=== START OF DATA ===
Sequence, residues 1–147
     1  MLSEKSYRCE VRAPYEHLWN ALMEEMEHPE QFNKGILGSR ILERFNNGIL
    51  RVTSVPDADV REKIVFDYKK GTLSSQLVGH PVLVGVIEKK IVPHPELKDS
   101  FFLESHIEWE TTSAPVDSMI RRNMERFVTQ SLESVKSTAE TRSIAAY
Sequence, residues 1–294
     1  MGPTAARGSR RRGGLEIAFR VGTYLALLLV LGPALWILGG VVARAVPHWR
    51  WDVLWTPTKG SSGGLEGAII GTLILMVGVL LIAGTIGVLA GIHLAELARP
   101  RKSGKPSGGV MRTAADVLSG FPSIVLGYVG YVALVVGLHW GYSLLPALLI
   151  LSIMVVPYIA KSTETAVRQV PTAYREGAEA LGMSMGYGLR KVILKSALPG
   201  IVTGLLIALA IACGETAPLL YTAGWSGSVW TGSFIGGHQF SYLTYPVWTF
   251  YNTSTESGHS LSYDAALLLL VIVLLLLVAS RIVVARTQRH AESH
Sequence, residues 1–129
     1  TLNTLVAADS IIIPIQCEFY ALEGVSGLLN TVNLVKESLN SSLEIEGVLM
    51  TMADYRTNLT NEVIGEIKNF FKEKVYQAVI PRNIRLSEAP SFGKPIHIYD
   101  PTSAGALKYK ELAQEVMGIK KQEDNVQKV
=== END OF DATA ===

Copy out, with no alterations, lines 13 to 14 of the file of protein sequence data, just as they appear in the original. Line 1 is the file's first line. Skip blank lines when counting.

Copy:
     1  TLNTLVAADS IIIPIQCEFY ALEGVSGLLN TVNLVKESLN SSLEIEGVLM
    51  TMADYRTNLT NEVIGEIKNF FKEKVYQAVI PRNIRLSEAP SFGKPIHIYD